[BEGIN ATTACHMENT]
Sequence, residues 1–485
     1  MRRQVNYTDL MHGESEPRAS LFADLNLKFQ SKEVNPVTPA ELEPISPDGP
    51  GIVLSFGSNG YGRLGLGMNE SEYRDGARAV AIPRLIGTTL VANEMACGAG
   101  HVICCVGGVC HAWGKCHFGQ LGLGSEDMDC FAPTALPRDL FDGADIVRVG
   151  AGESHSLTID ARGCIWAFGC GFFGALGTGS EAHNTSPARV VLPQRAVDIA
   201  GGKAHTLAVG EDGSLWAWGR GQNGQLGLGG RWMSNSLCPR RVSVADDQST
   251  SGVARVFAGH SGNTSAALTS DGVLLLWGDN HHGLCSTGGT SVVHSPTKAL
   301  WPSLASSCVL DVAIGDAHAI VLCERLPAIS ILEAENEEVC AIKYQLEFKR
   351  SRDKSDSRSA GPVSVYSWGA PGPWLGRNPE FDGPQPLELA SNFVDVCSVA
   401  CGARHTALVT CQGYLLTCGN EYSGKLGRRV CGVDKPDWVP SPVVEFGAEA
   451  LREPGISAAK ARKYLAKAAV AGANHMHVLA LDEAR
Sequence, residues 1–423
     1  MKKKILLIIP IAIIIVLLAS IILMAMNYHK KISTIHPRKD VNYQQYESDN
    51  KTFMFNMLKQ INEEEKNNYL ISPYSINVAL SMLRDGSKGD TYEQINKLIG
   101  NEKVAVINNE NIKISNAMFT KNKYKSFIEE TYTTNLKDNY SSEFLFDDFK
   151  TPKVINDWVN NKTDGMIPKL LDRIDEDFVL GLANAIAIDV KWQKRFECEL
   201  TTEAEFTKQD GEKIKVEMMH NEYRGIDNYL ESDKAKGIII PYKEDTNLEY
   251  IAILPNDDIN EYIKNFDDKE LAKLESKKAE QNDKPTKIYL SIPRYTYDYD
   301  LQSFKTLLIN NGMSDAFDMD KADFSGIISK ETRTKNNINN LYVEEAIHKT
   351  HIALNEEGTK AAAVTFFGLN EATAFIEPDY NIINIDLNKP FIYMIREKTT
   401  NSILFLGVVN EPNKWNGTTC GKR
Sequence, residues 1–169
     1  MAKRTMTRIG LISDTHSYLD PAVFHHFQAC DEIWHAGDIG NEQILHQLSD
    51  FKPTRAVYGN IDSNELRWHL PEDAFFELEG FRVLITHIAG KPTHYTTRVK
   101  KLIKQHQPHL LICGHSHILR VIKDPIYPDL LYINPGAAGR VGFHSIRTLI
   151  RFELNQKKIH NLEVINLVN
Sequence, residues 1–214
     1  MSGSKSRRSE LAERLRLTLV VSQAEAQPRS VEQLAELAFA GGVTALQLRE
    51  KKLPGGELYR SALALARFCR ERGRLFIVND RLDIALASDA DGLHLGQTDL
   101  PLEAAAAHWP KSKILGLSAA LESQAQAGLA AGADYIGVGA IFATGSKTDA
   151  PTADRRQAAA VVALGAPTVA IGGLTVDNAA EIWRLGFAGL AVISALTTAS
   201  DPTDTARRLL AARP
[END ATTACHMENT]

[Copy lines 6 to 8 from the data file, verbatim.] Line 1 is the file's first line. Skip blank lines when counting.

   201  GGKAHTLAVG EDGSLWAWGR GQNGQLGLGG RWMSNSLCPR RVSVADDQST
   251  SGVARVFAGH SGNTSAALTS DGVLLLWGDN HHGLCSTGGT SVVHSPTKAL
   301  WPSLASSCVL DVAIGDAHAI VLCERLPAIS ILEAENEEVC AIKYQLEFKR